Wire.beginTransmission(0x11);
Wire.write(0x05);
Wire.write(0x84); Wire.write(0xD1); // set volume to 1
Wire.endTransmission();
}

void loop()
{

}

Finding TV Remote Codes

We used a small program to find the IR (Infrared) codes from our TV remote. For our program we used the volume up, volume down, channel up and channel down keys. Different TV remotes will have different codes so you will have to find the codes that work with your remote.


/*
IR TEST PROGRAM

PINOUTS:

LEFT = DATA PIN
MIDDLE = GND
RIGHT = 3.3 volts

*/
#include <IRremote.h>

int RECV_PIN = 11;

IRrecv irrecv(RECV_PIN);

decode_results results;

void setup()
{
Serial.begin(9600);
irrecv.enableIRIn(); // Start the receiver
Serial.println("Setup Complete");
}

void loop()
{
if (irrecv.decode(&results))
{
Serial.println(results.value, HEX);
irrecv.resume(); // Receive the next value
delay(500);

}
}

ircode

When our IR test program was running we used the Arduino monitor window to show us the different key codes. We manually recorded these codes and used them in our final project.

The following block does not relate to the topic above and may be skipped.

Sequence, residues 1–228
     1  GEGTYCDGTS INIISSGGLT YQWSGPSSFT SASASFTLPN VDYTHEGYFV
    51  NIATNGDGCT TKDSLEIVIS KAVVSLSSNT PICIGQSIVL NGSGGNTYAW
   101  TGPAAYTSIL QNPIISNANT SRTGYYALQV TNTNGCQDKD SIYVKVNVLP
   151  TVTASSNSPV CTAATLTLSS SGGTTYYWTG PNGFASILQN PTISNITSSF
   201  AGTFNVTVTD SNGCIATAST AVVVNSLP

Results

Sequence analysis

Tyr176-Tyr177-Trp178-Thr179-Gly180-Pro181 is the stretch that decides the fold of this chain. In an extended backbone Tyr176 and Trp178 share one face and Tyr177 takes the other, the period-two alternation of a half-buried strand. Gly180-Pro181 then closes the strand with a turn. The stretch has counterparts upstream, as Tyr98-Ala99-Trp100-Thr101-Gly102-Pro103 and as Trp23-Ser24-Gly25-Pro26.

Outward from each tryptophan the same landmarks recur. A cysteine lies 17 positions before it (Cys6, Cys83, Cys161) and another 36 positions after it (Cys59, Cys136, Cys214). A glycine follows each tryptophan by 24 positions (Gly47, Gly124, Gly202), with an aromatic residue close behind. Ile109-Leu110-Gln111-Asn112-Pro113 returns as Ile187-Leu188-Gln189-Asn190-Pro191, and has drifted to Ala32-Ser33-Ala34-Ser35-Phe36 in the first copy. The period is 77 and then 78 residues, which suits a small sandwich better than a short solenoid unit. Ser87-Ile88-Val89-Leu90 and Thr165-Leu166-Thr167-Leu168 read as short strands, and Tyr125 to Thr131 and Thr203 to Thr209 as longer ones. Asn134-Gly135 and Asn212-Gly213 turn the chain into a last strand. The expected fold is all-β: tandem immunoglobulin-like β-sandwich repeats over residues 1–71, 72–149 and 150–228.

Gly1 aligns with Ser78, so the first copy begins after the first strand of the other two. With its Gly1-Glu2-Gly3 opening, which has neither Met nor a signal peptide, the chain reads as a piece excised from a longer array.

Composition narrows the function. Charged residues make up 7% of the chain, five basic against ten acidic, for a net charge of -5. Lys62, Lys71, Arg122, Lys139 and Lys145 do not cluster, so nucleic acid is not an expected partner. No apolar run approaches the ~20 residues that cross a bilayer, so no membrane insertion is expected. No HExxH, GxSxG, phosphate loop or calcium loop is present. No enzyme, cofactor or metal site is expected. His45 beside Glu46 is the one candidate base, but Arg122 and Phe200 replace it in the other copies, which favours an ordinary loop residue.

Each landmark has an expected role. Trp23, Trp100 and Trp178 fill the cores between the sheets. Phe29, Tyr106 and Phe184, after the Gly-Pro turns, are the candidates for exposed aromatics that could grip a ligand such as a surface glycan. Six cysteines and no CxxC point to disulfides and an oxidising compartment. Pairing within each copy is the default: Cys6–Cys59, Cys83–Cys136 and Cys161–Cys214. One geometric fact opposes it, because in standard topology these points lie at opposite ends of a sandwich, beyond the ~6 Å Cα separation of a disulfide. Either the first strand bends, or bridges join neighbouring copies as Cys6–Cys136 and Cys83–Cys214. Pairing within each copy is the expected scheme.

Using a TV Remote

Our goal was to use a TV remote to change the FM station and to adjust the volume. There are a lot of websites you can use to find nearby radio stations. A good website for this is: http://radio-locator.com.

Our final program  used a number of predefined FM stations that would change with channel up and channel down on the TV remote. The remote’s volume up and down would change the radio’s volume. Remember to change the IR codes to match your TV remote, and the FM stations for your area.


// RDA5807M Radio controlled with a TV Remote
//
#include <Wire.h>
#include <IRremote.h>

int RECV_PIN = 11; //Connect the IR data pin in 11
IRrecv irrecv(RECV_PIN);
decode_results results;

int volume = 0; // start with the volume low
int channellist[]= {999,1029,1021,1079}; // Define some radio stations
int maxc = 4; // Define the number of radio stations used
int channel = 2; // Start with a favorite station

void setup()
{
Wire.begin();

Serial.begin(9600);

irrecv.enableIRIn(); // Start the receiver

radio_init();
setfreq(channellist[channel]);
setvolume(volume);

}
void loop() {
if (irrecv.decode(&results)) {

switch (results.value) {
case 0xE0E0E01F:
Serial.println("vol up");